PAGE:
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The Nobel Prize in Chemistry 2017

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Abstract

The Royal Swedish Academy of Sciences awarded the Nobel Prize in Chemistry 2017 to Jacques Dubochet University of Lausanne, Switzerland, Joachim Frank, Columbia University, New York, USA and Richard Henderson MRC Laboratory of Molecular Biology, Cambridge, UK for the development of cryo-electron microscopy, which both simplifies and improves the imaging of biomolecules. This method has moved biochemistry into a new era.


A picture is a key to understanding. Scientific breakthroughs often build upon the successful visualisation of objects invisible to the human eye. However, biochemical maps have long been filled with blank spaces because the available technology has had difficulty generating images of much of life’s molecular machinery. Cryo-electron microscopy changes all of this. Researchers can now freeze biomolecules mid-movement and visualise processes they have never previously seen, which is decisive for both the basic understanding of life’s chemistry and for the development of pharmaceuticals.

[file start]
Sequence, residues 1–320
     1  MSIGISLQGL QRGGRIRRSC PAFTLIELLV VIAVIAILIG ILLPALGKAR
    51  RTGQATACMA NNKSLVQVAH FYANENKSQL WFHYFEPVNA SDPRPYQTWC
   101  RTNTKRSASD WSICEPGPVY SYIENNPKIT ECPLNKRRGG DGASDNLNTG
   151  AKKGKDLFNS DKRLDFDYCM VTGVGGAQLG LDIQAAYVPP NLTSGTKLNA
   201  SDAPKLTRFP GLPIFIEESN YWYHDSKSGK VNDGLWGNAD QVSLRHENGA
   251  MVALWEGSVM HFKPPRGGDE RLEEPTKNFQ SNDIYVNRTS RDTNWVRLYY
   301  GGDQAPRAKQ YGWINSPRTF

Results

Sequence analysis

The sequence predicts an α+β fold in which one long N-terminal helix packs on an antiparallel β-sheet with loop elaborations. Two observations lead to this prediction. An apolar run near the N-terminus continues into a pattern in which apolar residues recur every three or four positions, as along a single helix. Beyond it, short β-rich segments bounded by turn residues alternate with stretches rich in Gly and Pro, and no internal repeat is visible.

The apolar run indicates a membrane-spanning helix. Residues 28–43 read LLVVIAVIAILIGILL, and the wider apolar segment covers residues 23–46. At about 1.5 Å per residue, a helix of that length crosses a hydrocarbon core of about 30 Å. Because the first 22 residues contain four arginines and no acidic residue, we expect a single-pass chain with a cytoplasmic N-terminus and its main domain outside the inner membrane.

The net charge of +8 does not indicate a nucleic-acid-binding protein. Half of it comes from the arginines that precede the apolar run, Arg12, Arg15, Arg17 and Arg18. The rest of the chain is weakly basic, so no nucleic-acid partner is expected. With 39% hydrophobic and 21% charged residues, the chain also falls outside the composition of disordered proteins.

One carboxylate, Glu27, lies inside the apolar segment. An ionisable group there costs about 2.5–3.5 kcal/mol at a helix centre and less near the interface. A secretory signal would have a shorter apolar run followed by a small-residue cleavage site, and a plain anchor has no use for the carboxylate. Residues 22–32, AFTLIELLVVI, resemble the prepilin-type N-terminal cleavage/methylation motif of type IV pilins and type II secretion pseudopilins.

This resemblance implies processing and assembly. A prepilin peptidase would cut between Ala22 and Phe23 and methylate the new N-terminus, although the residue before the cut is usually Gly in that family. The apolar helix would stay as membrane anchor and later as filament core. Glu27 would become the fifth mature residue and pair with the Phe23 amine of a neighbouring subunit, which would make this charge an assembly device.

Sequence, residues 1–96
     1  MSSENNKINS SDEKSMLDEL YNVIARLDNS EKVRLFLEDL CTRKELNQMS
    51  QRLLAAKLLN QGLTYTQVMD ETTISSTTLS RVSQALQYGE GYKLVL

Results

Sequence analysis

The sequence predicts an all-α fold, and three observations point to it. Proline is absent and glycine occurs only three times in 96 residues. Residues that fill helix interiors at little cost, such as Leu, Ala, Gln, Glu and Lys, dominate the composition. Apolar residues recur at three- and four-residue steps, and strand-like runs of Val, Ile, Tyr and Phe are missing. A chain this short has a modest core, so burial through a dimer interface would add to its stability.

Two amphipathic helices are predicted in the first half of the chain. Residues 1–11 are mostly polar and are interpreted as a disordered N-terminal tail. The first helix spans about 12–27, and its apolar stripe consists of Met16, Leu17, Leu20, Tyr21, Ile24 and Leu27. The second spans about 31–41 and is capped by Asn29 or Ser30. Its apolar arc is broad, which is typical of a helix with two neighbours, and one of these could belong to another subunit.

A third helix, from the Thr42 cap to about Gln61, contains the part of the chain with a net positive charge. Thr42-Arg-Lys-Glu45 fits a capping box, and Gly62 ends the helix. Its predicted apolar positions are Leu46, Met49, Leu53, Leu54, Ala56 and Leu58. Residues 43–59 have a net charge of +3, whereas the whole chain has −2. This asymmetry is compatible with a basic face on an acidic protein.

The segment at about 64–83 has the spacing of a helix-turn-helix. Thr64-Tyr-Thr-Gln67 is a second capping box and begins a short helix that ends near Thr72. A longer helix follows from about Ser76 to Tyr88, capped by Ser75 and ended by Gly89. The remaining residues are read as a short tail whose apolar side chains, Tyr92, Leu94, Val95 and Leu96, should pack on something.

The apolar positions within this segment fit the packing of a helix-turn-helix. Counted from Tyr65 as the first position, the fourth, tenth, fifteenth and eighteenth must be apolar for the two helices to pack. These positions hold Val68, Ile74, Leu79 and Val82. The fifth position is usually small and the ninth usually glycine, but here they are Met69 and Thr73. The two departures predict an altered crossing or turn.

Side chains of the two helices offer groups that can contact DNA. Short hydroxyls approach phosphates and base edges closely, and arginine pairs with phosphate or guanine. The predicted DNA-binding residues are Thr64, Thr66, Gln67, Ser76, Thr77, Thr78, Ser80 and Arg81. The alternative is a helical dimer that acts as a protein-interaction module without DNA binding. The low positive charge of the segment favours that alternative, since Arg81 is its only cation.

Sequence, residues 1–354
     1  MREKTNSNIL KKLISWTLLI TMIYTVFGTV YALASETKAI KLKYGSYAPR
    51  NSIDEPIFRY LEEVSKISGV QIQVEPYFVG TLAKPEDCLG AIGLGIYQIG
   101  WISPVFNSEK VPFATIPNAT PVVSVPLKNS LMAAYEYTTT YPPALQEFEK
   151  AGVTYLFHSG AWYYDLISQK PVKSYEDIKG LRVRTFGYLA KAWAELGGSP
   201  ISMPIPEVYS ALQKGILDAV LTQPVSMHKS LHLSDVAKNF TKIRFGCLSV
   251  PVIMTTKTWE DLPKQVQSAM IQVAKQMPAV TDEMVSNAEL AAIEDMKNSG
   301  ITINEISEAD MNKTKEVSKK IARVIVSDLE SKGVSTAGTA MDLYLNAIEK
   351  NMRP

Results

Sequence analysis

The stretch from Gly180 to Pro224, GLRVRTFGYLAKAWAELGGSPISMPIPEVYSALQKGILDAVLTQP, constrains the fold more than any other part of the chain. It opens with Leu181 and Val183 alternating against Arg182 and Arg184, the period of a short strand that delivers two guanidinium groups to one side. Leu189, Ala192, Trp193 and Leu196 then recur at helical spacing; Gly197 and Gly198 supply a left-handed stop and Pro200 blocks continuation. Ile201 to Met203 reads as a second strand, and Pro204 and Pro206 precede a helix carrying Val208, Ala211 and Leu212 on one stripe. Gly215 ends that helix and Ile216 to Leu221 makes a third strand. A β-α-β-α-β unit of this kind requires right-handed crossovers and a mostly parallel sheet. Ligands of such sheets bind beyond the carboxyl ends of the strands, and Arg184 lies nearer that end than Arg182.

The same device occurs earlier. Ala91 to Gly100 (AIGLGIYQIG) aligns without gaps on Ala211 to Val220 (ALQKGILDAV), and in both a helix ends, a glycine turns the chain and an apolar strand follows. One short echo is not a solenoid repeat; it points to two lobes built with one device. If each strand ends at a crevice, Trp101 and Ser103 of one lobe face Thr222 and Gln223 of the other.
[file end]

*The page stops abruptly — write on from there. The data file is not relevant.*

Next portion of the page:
Electron microscopes were long believed to only be suitable for imaging dead matter, because the powerful electron beam destroys biological material. But in 1990, Richard Henderson succeeded in using an electron microscope to generate a three-dimensional image of a protein at atomic resolution. This breakthrough proved the technology’s potential.

Joachim Frank made the technology generally applicable. Between 1975 and 1986 he developed an image processing method in which the electron microscope’s fuzzy twodimensional images are analysed ...